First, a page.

Race Direction explains Aragón decision

Thursday, 10 October 2013

After Thursday’s hearing at the Sepang International Circuit, relating to the Aragón Grand Prix collision between Repsol Honda Team’s Marc Marquez and Dani Pedrosa, MotoGP™ Race Director Mike Webb explains the decisions taken by Race Direction as well as emphasising how all manufacturers are working together to avoid repeats of such happenings.

Following Thursday’s hearing at Sepang, please explain which decisions have been taken in relation to Marc Marquez and Repsol Honda Team following the touch between Marquez and Dani Pedrosa in the Aragón Grand Prix.

I have to stress that Dani was in the meeting just in case he wanted to offer any opinion - he was in no trouble at all. The hearing was on two subjects: one was the contact between Marc and Dani during the race and the second, related but separate, was the crash of Dani which Honda has explained to us was caused by a fault in the traction control system. So, two separate things. Our decisions on those two separate items: for Marc Marquez, we have added one penalty point to his total for the 2013 season due to irresponsible riding. On the second subject, which is the technical subject of the failure of the traction control on Dani’s bike, we have deducted 25 points from the manufacturers’ championship for Honda that they gained due to winning that race. In both cases, I want to stress that this is Race Direction sending out messages: one is about the standard of riding and the care our riders take when they are riding close to others, while the second was a message to the manufactures about the standard of safety and the inbuilt failsafes for the systems on the bikes, to try and increase the safety.

Regarding the contact between Marquez and Pedrosa, some riders have been quite vocal about Marc’s riding so far this year. After today’s decision, will he and other riders now be more careful when it comes to issues of contact with opponents?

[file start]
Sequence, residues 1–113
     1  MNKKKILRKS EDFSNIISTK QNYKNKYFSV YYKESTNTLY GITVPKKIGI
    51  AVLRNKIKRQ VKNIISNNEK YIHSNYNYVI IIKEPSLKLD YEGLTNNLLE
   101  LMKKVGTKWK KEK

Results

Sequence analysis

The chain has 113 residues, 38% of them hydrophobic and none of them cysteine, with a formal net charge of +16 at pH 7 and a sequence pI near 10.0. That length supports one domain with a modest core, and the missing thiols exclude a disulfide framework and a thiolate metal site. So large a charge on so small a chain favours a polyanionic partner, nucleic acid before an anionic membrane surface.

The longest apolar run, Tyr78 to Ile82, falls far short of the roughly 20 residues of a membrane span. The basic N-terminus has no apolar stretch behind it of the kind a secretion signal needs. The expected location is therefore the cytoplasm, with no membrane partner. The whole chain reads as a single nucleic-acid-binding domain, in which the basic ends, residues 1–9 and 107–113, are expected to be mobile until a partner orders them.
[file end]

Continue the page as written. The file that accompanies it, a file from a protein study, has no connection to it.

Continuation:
Yes, that is our intention. We are sending a message to Marc, very clearly, that we understand that he is an extremely talented rider but he is also intelligent enough to understand that there has to be some margin for error – especially, as we have seen a number of times this year, under braking when the rider behind has the responsibility of not getting too close to the rider in front who is riding his own lines. Finally, we have had an incident in which Marc has been very close to another rider – close enough to make contact – when coming from behind under braking. For us, that is a signal (even though the contact itself was quite minor) to make a formal warning by way of a penalty point to Marc to say he has to take more care.

Looking at the Honda issue and the failure of the traction control system, could this lead to changes in the Technical Regulations in order to ensure that all manufacturers and CRT outfits can follow such solutions in order to avoid any scenarios in which damage to rear wheel sensors leads to traction control issues?

It is a subject we are discussing in the context of safety. Right now, I am not going to say that there are going to be rule changes or things like that. As a working group, we are investigating it to try and increase safety. The thing is that these are very complex systems and every manufacturer has their own way of doing it. It is difficult to write an overall regulation that would be effective and sensible in the light of ongoing developments. We are discussing the issue and trying to work together with the manufactures, with recommendations and basically trying to work together to raise the safety. I have to say that all of the manufacturers, and in this particular case HRC, are very aware of the issue and they are the first to say that they want to improve it. In fact, they have already improved their bike, so it is not so much a question of having to make regulations to force them to do something; it is more a cooperative effort to make sure that all of us can work together to make the bikes safer.

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